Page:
She didn’t realize there were still physical light switches in houses. She bit her lip.
Was this the kind of place that she would have ended up in if she didn’t have Akira to help her back then?
The old telephone didn’t seem so funny anymore.
She sat at the old desk and wrapped the blanket tighter around herself, sitting there quietly for a minute.
Fujiki-kun quickly came back and they put the sheets and her blanket onto the mattress and bid each other goodnight, and when she went into the bathroom there was a toothbrush still in the package on the counter. She smiled as she went back to the other room and pulled up the covers, finally letting her eyes slip closed.
“Time to get up, Miss!” What was with that voice? It sounded a bit like her cleaning bot, but did something happen to its voice box? It sounded too high pitched. “Breakfast is ready! Please get up now, Miss!”
She groaned, forcing her eyes open. It was way too early for getting up! It felt like she’d only closed her eyes for ten minutes, not the ten days she needed.
Wait. This wasn’t her room. She sat up straight and glanced around, gaze being drawn to the brightly-colored robot on the floor by her bed. As soon as her eyes focused on it the neutral expression changed to a happy emoji on its face screen. “Good morning, Miss! Please head to the kitchen soon, your breakfast will get cold!” The little robot raised one tiny arm to point at the door, and the other waved at her.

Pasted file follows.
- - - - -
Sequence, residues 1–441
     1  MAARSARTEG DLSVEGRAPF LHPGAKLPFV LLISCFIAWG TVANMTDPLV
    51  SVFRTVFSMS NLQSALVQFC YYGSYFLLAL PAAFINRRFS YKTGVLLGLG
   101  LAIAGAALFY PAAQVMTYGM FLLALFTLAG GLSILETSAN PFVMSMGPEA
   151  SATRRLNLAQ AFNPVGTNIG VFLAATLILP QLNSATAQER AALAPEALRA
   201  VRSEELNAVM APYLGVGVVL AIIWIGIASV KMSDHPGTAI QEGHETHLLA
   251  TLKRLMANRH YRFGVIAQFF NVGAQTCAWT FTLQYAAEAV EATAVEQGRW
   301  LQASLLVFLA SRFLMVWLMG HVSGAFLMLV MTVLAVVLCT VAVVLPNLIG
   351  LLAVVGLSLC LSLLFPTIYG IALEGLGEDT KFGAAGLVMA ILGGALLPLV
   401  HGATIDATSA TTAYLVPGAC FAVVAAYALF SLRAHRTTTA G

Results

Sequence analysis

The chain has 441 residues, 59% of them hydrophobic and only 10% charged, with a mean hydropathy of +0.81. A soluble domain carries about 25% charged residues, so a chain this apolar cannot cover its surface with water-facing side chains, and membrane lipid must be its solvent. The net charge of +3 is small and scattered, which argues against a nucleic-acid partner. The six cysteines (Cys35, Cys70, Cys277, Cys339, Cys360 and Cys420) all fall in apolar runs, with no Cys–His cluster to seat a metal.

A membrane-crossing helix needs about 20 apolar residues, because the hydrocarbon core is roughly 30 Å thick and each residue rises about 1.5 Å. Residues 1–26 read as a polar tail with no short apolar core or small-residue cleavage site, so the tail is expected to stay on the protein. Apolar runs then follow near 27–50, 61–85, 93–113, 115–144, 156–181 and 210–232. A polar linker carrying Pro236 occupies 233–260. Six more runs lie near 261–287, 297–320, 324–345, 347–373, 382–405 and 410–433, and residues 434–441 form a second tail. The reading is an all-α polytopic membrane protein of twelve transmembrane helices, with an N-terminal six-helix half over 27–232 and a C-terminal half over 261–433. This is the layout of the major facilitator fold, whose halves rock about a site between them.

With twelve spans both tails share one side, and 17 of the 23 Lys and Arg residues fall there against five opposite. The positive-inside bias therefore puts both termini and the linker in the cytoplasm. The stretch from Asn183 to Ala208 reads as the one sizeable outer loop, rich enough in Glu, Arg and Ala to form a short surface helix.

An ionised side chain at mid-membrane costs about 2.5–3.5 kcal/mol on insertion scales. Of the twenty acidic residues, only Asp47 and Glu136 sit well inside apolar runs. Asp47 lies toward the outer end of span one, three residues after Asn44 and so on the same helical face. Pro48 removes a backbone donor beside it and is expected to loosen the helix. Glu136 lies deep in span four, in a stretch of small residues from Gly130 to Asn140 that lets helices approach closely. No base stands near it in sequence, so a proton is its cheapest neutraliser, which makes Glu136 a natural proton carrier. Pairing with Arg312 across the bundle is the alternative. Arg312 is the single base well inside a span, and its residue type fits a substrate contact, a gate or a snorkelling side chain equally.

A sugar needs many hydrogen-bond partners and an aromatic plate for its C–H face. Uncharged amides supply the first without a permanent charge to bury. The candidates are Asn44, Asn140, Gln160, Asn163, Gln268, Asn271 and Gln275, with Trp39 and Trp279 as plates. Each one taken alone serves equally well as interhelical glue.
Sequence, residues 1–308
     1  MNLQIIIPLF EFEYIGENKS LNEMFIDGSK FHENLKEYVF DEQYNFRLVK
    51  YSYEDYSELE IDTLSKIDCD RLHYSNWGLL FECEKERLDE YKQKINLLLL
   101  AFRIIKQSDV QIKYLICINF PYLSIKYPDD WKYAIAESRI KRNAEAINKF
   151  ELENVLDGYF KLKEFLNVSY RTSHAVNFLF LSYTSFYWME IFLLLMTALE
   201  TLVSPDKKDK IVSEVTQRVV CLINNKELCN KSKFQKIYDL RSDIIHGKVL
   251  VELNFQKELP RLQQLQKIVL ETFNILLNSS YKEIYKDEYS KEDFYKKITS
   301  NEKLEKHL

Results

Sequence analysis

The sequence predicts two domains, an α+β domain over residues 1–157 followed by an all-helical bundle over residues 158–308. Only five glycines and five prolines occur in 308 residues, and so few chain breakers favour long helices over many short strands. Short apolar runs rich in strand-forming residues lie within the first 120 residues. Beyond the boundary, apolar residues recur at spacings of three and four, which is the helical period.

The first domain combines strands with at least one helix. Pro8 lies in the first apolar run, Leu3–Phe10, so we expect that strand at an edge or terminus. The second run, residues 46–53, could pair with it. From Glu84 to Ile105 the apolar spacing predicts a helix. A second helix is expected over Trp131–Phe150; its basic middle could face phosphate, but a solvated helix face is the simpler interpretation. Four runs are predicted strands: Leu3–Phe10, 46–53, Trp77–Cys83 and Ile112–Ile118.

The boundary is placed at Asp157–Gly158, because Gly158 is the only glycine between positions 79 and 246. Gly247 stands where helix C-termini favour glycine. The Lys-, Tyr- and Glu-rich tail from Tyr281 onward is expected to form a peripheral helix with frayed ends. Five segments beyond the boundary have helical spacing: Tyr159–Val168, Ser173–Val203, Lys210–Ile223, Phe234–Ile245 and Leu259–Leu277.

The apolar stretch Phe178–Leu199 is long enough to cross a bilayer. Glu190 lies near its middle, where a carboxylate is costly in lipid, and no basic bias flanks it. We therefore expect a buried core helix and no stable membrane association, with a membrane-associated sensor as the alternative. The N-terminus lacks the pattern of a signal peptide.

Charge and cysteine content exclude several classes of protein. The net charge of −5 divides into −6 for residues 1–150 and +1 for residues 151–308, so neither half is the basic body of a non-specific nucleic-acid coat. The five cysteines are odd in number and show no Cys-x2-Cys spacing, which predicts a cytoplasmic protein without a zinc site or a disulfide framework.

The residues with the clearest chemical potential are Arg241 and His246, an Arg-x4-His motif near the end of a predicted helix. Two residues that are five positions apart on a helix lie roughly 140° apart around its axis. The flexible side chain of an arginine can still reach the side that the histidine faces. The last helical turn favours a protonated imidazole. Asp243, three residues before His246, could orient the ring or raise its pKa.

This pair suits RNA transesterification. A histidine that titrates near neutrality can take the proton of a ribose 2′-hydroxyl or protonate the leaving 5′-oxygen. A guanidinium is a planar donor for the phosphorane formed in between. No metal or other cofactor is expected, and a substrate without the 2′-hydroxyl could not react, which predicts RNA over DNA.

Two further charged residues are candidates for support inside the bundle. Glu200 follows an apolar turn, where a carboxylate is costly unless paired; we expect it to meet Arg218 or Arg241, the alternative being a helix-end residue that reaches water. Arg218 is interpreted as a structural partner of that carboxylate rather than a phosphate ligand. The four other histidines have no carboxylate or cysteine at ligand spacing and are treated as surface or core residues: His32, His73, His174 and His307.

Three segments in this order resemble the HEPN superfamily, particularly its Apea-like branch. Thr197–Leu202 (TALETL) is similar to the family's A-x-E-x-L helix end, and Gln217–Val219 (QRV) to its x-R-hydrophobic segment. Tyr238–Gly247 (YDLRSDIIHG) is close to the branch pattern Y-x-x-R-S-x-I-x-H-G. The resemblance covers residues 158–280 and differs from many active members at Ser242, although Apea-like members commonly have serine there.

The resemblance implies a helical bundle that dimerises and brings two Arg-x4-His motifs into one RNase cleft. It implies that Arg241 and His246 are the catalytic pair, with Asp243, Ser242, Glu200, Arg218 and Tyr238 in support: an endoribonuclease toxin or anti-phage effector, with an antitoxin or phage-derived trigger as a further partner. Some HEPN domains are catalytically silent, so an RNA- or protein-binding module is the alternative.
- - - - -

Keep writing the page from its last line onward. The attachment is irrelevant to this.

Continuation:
Aoi stood up and followed it out of the door, turning left and then right into the kitchen, where the smell of eggs was so thick she could taste it. Fujiki-kun glanced over at her from the stove, spatula moving a yellow mass onto a plate. He looked like he had been up for a while, already set to leave and start his day. Meanwhile she had to look like a wreck, still in her casual clothes and no doubt horrid from the rain.
“I hope you like omelette rice, I don’t have the ingredients for a more traditional dish.” He set the dish in front of the spot where she had sat the night before, and she saw that there was already a piece of toast on it as well. “What would you like to drink?” And he was already over at the fridge, opening it and taking stock of what was there.
She took a seat and picked up the fork sitting beside the plate. “Just water is fine.” Although if she was eating something less savory, she would have probably asked for that tea from before.
“Are you sure Miss? Something sweet might be good as well!” The little robot beamed up at her, waving its arms up and down for emphasis.
“Roboppy, she can drink what she likes.” The glass was set in front of her, then Fujiki-kun took a seat with his own meal.
“Oh?” She looked down at it. “So your name is Roboppy then? That’s unusual,” Fujiki-kun was tensing in the corner of her eye, “most helper robots don’t have individual names.”
A confused emoji appeared on the small face screen, “But Roboppy is Roboppy. Master has always called Roboppy Roboppy.” The emoji was nervous now. “Is Roboppy strange?” And now the little robot wasn’t looking at her at all but at the floor and shifting around on its wheels.